Where we last left off, I was, if you remember, "fucking done." Well, I still am. In fact, this past week, I was ready to be done immediately. As in, leave my job, no notice, no call. Jump in my car and just ride until the present was a distant memory. One might say I panicked. Luckily, I have some very level-headed and stable people in my life who reminded me: That's not going to change anything, only create more problems.
See, the problem with me is once I get something in my head, I can't focus, calm down, or concentrate until that "something" is achieved. And right now, that "something" is this. (Drumroll, please...)
I am leaving my job as a nanny in June and staying with my parents for a few months in South Carolina to regroup and figure out how, exactly, to make writing my career. My profitable career. Because writing is the only thing I have ever wanted to do. That's what my "inner punk" that I referred to in my previous post was telling me. Pursue writing. You have always wanted to write. You should write. And then: You need to write.
And it's true! I wrote my first story at age 7. It was an outlet for the massive bullying I was enduring as a shy, people-pleaser in a new school. I wrote about the bullying the only way I knew how, as a second-grader: I assigned each of my antagonists a mean animal and gave myself (a pretty cat, of course) a strong voice, telling them EXACTLY what I thought of them. Unfortunately, I didn't have the foresight to a) not bring the journal to school or b) hide it better. So, after art class, my head harasser found the notebook, read it aloud, and laughed...until she realized it was about her and her friends. Mwahahahaha! And then started my love affair with the written word, as I realized early on how healing it was for me.
I was now a girl on a mission. I read and wrote ferociously. I would love to say I was one of those Rory Gilmore-type savants that devoured Anna Karenina at age 8, but alas no. I was intrigued with the more mainstream The Babysitter's Club books, written by Ann M. Martin. I was mainly fascinated with the closeness of the friends (something I had not yet experienced) and their commitment to important issues. Some themes included racism, eating disorders, Diabetes, learning disorders, and (of course) bullying.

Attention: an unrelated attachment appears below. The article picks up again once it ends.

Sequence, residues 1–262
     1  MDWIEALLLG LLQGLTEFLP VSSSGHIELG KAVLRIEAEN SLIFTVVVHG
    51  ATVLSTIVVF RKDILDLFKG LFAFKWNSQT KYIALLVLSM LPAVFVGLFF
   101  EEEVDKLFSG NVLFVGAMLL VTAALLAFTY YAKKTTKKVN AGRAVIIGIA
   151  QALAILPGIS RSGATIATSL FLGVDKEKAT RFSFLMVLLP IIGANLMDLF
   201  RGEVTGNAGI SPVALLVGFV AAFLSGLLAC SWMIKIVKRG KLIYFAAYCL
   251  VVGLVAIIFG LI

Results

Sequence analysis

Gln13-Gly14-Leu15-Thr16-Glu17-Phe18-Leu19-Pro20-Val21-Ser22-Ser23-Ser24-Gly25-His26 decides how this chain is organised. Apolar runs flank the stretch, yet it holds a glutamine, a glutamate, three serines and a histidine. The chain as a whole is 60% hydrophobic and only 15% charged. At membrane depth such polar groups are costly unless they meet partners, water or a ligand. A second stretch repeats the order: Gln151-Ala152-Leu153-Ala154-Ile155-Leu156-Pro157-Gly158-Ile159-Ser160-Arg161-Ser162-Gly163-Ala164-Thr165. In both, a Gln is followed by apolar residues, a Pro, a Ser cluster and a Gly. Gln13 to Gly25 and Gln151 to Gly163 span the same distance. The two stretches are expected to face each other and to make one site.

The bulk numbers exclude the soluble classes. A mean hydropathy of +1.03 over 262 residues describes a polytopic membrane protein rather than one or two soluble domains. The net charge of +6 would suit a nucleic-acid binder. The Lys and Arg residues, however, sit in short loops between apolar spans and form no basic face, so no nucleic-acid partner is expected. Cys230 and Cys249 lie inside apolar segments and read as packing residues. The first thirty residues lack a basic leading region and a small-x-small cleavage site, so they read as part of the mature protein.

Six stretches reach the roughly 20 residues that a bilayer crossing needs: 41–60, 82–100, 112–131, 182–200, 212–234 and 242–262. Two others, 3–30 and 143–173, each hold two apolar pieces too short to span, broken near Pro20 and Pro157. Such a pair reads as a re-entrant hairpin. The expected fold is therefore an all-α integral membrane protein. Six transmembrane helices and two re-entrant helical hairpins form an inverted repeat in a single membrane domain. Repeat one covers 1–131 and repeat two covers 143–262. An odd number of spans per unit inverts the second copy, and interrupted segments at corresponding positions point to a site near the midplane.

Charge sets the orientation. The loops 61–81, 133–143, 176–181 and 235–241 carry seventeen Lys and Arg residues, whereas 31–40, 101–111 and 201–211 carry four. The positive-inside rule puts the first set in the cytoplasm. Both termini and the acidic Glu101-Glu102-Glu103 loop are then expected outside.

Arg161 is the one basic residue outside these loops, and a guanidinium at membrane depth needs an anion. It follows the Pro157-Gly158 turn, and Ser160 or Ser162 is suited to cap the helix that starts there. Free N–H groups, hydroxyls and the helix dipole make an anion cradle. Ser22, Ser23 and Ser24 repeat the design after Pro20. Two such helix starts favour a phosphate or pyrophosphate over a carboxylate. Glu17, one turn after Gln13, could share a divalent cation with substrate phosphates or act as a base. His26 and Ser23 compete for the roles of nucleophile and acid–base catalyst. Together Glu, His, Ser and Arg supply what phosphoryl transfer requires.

I vividly remember one Christmas season, my mother took my brother and I took the North Branford Firehouse Christmas Party. This was a staple in my family and while I still believed in Santa Claus, I had no idea the "Santa" at the party was my grandfather's BFF, Wayne. Each child had a turn to sit on Santa's lap and say what they wanted for Christmas. Hopped up on popcorn balls and Anginettes, I practically leapt onto Wayne's lap and excitedly stated what I wanted for Christmas: an electronic typewriter, "because I'm going to be a famous author, like Ann M. Martin!" Wayne just looked at me, confused and amused, ho-ho-ho'd and gave me a pre-wrapped present marked "Girl."
I wasn't expecting my typewriter from the Firehouse Santa, I knew better. But, I waited for Christmas morning, just knowing I would find it under the tree. And...I DID! A beautiful, brand-new, electronic typewriter and a glorious stack of blank pages; ready for me to write my stories. My poor parents. I dragged that bad boy EVERYWHERE! Friends' houses, relatives' houses, even the bagel shop my parents worked at. I needed it close by, at all times.
Then, something happened, when I was 10, that was a game-changer. I excitedly told a relative (after asked what I planned to be when I "grew up") I was going to be "a famous author like Ann M. Martin!" My other relatives all but patted me on the head and said the generic: "That's nice" and moved on with their adult conversation. But this one relative looked at me, seriously, and said: "That is a starving artist job. You won't make any money." My face and stomach dropped. I'm certain I did write after that, but I don't have any memory of it.
Please let me be clear, this relative was not being cruel or mean; they were old-school and just being realistic. It didn't matter that I was ten, in his eyes that was irrelevant. And let me also state, I didn't have to listen. I could have had the "fuck it" attitude I am still trying to embrace, but I didn't. I don't. I was and am sensitive, self-conscious, and most alarming: desperate to please. So, I stopped writing. And only a few years later, I had all but forgotten about my desire to be a writer. Once I hit puberty and discovered boys, I had a new focus. I lost most of my previous interests once I hit middle school, my main goal became: get acceptance from other girls and attention from boys. And that was all I cared about until my last year of college.
So, I spent ten years denying the part of me that wanted to write (ages 12-22), ten years figuring out what my "career" should be so I can "write on the side" (ages 22-32), and here we are now. I am 33 and determined to make writing a priority. No more side streets. No more false starts. No more "day careers." I am Writer: hear me...type? Okay, so I might need some time, but I am worth it. I have always been worth it. I just didn't know.
*Title credit: Song: "Rebel Girl" released by Bikini Kill in 1993